The Great Garrick (Brian Aherne) is the most celebrated London theater actor of his day (eighteenth century) and is invited to Paris to star at the Comedie Francaise, the most important ... See full summary »
Olivia de Havilland,
Edward Everett Horton
A group of adventurers head deep into a South American jungle in search of ancient Incan treasure. A beautiful woman, brought to their camp by hired bearers, has come to join her husband, a... See full summary »
Douglas Fairbanks Jr.,
Ex-King Alfred VII is a young, handsome, and charming erstwhile monarch who once ruled a nation of two million people. Now all he has left are his Count Humbert and Duchess Anna, along with... See full summary »
Edward Everett Horton
Myron Brooks, a medical-school student, graduates and starts his internship at a hospital. He asks his sweetheart, Ruth Robbins, to marry him but she refuses to until he has established his practice. Meanwhile, she goes to work as a secretary for an attorney, Albert Hartman, and he is so impressed with her dictation abilities that he sets her up a place to practice her dictation and other secretarial skills. It is only after she is taken to a hospital with an appendicitis attack, and young Doctor Marlowe performs a successful appendectomy on her that she decides to give up her night job and marry Dr. Brooks. Written by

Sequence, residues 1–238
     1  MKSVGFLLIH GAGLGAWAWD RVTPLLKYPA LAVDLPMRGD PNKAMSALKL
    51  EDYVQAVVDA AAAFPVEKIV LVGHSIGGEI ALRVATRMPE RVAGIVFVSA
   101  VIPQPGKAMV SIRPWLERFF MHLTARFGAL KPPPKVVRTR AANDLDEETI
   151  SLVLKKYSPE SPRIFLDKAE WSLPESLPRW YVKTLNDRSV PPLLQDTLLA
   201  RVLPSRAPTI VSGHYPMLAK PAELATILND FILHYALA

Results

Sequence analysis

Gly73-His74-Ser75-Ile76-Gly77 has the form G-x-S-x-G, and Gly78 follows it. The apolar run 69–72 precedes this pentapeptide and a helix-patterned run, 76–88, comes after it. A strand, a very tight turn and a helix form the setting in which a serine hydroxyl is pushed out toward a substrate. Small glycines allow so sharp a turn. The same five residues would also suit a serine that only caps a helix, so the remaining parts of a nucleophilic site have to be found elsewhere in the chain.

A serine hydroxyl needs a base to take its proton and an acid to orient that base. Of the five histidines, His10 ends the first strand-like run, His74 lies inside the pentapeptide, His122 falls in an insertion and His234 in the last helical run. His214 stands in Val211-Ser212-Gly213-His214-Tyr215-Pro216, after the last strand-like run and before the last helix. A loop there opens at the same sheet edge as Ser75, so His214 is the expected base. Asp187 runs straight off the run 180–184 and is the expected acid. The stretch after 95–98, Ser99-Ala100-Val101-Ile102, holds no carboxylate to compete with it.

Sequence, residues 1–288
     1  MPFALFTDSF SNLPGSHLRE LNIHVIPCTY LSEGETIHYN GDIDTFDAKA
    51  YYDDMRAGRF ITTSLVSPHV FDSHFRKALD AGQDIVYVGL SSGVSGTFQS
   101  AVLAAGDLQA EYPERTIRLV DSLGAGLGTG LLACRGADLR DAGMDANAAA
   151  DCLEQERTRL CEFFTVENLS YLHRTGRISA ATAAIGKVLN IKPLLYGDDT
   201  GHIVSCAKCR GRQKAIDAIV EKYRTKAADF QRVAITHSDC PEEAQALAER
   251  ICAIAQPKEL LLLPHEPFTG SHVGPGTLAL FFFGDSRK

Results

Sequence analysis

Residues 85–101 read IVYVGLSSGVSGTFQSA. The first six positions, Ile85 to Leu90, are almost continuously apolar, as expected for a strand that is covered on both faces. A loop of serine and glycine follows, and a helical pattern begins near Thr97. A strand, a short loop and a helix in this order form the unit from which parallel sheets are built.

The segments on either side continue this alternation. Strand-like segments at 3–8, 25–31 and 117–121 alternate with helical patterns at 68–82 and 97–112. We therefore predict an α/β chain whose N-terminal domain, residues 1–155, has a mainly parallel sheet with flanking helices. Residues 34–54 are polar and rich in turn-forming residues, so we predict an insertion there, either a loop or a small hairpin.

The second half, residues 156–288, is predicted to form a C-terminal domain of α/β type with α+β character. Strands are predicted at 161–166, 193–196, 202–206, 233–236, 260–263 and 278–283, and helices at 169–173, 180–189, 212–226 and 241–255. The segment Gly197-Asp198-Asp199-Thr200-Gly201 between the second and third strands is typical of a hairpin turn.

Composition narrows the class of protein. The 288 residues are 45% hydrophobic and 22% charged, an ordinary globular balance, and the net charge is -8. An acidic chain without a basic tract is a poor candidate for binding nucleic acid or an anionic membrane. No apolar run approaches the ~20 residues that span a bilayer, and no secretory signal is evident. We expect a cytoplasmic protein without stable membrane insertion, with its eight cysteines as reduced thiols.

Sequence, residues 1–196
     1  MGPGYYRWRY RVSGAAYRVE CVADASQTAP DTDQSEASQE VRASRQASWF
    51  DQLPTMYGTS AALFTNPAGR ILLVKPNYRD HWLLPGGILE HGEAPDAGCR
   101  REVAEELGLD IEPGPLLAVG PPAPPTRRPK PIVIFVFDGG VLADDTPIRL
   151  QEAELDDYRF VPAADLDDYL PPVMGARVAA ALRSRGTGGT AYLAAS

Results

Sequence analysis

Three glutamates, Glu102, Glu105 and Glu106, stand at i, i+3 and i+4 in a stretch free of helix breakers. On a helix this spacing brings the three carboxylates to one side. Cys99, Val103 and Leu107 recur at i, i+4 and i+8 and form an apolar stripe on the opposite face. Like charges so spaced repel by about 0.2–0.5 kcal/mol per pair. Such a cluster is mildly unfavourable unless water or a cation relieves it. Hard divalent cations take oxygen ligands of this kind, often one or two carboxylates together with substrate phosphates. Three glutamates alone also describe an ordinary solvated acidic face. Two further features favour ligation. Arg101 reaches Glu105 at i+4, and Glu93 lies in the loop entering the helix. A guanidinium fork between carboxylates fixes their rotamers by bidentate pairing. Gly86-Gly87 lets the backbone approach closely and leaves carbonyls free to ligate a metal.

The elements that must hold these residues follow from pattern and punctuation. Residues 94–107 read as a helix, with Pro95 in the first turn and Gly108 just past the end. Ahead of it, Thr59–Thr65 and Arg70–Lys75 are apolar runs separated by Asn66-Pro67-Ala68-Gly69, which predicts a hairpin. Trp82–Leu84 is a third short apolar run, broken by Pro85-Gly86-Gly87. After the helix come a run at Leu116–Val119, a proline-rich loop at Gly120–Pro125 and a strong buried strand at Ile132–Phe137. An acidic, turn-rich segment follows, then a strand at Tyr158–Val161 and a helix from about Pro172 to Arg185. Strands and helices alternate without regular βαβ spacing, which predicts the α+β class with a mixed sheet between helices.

Les Adams <firstname.lastname@example.org>
[According to Lew Ayres in a 1985 interview] Mr. Whale had a reputation as an outstanding director, but I feel he was more or less accustomed to actors with considerable more polish than I possessed at the time. Yet, I was the young man under contract to the studio, and he had me thrust upon him... I tried to do my job, and he said little or anything to me one way or other. Frankly, I don't think he thought I was correctly cast for the part. See more »
What an odd film for James Whale to follow up "Frankenstein" with!
This is a strange little romantic drama, about a woman in love with a young doctor. Because he can't support her financially he leaves her,and she becomes a "kept" woman when she takes up with her wealthy lawyer boss.
At once cynical and romantic, it's hard to work out what the point of the whole thing is. Una Merkel is lots of fun though, and Ethel Griffies nearly steals the picture. And the young and beautiful Lew Ayres is lovingly filmed by Whale. The film also demonstrates what a fine actress Mae Clarke was, and how she deserved better material as she grew older.
In all an unusual and entertaining film from a great director, but also a baffling one.
8 of 8 people found this review helpful.
Was this review helpful to you?